Reference: Article XIII, Section 14, California Constitution. Section 1019, Revenue and Taxation Code.

(a) Property moving in interstate or foreign commerce, whether entering or leaving the state, are not subject to tax while in transit.

Property moving in intrastate commerce on the lien date are taxable and have situs for that purpose as follows:

(1) Property being transported by an owner from one location to another has situs at the point of origin of the shipment regardless of the mode of transportation or the ownership of the means of conveyance.

(2) Property being transported to a buyer has situs at its point of destination unless the buyer demonstrates to the satisfaction of the assessor that the seller had title until delivery. Pursuant to the Uniform Commercial Code, f.o.b. designations, unless otherwise agreed between a seller and buyer, are delivery terms. Title to property remains with a seller until he has completed delivery by making the property available for disposition by the buyer at the f.o.b. point. Retention of a security interest by a seller shall be disregarded for purposes of determining situs.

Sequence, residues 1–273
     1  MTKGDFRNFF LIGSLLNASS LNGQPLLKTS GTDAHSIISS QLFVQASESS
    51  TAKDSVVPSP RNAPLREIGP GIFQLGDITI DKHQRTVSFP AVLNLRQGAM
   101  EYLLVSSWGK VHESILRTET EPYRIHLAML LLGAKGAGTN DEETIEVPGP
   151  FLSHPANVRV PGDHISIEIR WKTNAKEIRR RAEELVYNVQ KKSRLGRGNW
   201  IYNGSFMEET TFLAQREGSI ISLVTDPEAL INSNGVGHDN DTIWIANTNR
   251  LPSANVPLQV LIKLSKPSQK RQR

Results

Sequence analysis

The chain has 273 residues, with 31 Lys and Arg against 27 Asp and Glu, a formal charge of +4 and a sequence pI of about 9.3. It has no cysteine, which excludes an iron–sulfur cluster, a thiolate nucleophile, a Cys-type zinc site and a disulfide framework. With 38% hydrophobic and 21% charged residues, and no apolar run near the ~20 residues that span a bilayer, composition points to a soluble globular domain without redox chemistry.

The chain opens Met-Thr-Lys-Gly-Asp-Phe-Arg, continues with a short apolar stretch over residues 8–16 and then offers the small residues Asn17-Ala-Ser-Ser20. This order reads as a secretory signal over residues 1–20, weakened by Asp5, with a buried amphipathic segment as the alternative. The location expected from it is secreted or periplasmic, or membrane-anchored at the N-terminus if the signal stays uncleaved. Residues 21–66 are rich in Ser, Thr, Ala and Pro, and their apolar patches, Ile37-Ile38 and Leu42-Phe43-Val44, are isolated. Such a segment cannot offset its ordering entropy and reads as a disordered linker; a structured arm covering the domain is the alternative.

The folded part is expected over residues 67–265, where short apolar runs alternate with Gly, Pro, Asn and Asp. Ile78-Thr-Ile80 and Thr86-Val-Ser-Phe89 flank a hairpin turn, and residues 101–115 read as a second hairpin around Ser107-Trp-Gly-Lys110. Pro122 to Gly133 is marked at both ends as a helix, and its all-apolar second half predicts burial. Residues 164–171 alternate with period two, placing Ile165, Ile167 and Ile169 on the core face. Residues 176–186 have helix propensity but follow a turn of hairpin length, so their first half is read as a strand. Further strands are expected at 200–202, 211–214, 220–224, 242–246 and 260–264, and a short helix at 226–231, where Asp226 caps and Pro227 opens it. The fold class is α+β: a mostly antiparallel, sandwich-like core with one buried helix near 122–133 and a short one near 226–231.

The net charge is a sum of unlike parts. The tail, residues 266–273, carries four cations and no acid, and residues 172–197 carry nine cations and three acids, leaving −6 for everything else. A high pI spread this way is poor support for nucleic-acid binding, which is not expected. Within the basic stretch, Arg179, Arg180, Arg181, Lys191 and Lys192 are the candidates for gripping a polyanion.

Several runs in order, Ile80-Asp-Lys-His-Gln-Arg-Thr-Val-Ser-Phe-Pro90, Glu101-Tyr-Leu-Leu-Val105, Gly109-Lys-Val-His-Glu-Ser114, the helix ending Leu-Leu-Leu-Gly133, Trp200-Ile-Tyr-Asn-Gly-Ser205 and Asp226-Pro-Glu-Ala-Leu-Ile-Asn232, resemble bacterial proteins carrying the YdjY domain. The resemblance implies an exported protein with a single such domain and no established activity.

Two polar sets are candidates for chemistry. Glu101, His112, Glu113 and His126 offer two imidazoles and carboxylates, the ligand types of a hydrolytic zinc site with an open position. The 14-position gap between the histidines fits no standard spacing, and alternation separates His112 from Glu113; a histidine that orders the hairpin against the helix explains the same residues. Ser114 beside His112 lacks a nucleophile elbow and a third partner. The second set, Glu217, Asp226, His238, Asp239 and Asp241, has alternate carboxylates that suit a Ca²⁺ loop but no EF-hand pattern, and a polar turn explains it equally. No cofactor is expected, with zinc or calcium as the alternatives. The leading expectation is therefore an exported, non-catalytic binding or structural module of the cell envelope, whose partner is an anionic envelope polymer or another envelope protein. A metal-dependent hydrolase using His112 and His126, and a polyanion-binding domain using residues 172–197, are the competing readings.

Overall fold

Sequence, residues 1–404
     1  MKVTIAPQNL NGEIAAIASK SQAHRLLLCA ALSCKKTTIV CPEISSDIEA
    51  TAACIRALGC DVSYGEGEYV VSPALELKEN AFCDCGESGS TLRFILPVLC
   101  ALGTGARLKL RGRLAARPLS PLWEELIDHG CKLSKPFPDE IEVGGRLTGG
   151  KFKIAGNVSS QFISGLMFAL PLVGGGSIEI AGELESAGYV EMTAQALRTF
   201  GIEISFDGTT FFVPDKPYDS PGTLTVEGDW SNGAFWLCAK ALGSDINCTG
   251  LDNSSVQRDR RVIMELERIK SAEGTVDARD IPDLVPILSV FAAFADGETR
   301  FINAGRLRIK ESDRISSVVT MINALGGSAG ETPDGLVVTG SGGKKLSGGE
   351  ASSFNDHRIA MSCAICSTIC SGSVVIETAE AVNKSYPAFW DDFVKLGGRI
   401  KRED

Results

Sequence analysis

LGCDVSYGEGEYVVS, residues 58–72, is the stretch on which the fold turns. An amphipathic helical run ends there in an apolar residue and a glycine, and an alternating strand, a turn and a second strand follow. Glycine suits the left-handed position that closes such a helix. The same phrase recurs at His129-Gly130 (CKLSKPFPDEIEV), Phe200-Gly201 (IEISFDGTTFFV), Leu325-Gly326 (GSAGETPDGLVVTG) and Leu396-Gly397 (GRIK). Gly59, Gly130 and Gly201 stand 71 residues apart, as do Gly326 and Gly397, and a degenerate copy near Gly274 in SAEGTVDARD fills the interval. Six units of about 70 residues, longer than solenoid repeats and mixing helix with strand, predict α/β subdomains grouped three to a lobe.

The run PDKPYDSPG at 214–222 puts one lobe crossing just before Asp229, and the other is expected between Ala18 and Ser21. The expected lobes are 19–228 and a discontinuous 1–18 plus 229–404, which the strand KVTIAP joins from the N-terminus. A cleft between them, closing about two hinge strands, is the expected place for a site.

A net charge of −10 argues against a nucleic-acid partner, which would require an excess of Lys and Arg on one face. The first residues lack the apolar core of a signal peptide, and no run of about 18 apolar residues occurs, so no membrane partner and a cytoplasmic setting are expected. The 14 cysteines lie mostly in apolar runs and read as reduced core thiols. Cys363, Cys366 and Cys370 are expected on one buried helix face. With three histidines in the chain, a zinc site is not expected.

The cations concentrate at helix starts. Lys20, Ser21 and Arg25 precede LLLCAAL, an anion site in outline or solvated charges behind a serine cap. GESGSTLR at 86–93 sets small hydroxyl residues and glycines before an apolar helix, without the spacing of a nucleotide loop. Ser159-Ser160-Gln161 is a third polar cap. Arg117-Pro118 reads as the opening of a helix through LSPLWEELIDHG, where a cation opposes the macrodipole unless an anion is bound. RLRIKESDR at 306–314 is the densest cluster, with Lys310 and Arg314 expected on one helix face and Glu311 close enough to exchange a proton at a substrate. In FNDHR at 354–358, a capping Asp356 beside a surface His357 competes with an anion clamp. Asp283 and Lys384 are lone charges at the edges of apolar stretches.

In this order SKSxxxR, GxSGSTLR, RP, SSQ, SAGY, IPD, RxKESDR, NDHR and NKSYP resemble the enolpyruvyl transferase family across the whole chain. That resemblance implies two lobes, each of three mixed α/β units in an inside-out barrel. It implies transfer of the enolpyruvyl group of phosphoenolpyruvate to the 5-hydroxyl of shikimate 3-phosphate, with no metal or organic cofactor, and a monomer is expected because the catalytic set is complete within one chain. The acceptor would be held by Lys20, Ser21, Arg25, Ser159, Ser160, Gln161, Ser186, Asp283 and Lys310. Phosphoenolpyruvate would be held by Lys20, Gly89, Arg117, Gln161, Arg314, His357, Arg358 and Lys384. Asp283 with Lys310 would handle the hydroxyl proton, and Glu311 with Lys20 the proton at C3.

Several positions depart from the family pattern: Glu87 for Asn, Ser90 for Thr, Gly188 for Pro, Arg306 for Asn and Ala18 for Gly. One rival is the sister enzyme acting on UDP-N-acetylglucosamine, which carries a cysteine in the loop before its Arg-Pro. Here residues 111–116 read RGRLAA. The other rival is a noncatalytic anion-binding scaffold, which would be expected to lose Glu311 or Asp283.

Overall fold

Property is in transit as part of interstate or intrastate commerce, as the case may be, when it has been delivered to a carrier or, if delivery to destination is being made by the owner of the property, when he has actually started transporting the property to its destination. Transportation terminates when the property reaches its destination and is made available for disposition by the consignee of the shipment.

The interruption of transportation for purposes incident to transportation does not remove property from its in-transit status. The interruption of transportation for the business purpose or profit of the owner terminates the transportation and creates a situs for taxation at the place where the property is situated on the lien date.

Thus, property remains in transit if the interruption is caused by a breakdown in the transportation system or equipment, the promotion of safe or convenient transit, or the accumulation by the carrier of sufficient cargo to make a load.

History: Adopted February 7, 1968, effective March 14, 1968.

Amended July 27, 1982, effective February 17, 1983.


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Rule 204. Leased Property.

Reference: Article XIII, Section 14, California Constitution. Section 1019, Revenue and Taxation Code.